6 places with the most unique landscapes in the world
This article was originally on GET.com at: 6 Places With The Most Unique Landscapes In the World
Singaporeans who have a thing for the unusual will naturally prefer visiting stunning destinations that aren't on every mainstream auntie or uncle's bucket list.
The following six places that we at GET.com are about to share with you are some of the most unique landscapes in the world. Not only will they induce serious envy on your Instagram or Facebook feed, but also your friends and family will be waiting for you to come back with stories to tell.
1. DANAKIL DESERT (pic above)
Danakil Desert sure looks like it does not belong to Earth but this Martian-esque place is located in Northeast Ethiopia. This place is not somewhere you would want to hobble along randomly for it is home to geysers that spit toxic gases and active volcanoes. Plus, its temperature averages around 50°C.
2. SALAR DE UYUNI
Do you dream of travelling to South America? If you do make it there, it will be worth the while to spend some time seeing Bolivia's remarkable Salar de Uyuni up close in person. This expansive salt flat is the largest one in the world, left behind by prehistoric lakes that evaporated a long time ago. The Salar de Uyuni is definitely one of those places you need to visit before it disappears.
Without a doubt, Iceland is an increasingly popular destination amongst travellers from all over the world, Singapore included. Besides the world famous Blue Lagoon, Gullfoss and Þingvellir, you might want to allocate some time to visit the Vatnajökull National Park. Vatnajökull is the biggest ice cap in the Nordic island nation, covering a good 8 per cent of Iceland's landmass. Those who enjoy glacier hiking or ice caving tours must make a trip there.
4. GREAT BLUE HOLE
Belize may not be at the top of your head when you think of making a trip somewhere far away from Singapore, but the Great Blue Hole that is part of the Belize Barrier Reef Reserve System is intriguing in its own right. Spanning more than 125m in depth and 300m in width, the Great Blue Hole is every diver's dream. Beneath those enigmatic ombre shades of blue, green and turquoise lies absolutely fascinating marine life including mako sharks, gigantic tunas, colourful fish and beautiful coral reefs.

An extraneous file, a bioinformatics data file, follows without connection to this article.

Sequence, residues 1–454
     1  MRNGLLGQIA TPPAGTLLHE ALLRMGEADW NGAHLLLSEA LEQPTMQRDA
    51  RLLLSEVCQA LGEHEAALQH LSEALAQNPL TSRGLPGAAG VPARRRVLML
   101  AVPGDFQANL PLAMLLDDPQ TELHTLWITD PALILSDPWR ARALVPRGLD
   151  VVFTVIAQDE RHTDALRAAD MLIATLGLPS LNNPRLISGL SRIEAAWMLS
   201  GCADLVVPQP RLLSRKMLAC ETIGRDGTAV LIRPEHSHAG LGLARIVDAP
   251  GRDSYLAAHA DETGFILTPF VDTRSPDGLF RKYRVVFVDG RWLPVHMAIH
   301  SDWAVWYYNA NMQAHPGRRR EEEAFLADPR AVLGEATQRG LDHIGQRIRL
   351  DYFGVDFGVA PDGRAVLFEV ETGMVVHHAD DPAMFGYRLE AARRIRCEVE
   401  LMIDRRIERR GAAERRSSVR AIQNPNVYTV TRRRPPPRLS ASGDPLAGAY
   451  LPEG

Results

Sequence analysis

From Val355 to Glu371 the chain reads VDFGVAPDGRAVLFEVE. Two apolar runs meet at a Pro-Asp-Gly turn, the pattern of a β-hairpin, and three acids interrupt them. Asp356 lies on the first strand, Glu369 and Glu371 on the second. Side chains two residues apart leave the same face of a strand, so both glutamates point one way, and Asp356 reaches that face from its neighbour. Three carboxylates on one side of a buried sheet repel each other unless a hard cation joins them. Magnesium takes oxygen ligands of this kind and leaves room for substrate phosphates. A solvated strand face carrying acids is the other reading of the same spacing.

5. GLOW WORM CAVE
New Zealand is well-known for being home to picture-perfect natural landscapes including beaches, caves, lakes, mountains, glaciers and more. Nature lovers who enjoy weaving whimsical nuances into their experiences will remember the trip to Waitomo Glowworm Caves possibly for life. What gives the cave such an unreal, ethereal glow? The answer is tiny luminescent glowworms native to New Zealand. This is Mother Nature's light display for those privileged enough to be there in real life.
6. REED FLUTE CAVE
Nestled in Guilin, China, the Reed Flute Cave is said to be over 180 million years old. This roughly 240m deep cavern comprises stalactites, stalagmites, and rock formations in all sorts of wonderful and weird shapes. While these limestone formations are au naturel, the vibrant neon illumination that bounces off them is the way it is because of creatively and strategically placed coloured lights. This cave is affectionately known as the Palace of Natural Arts.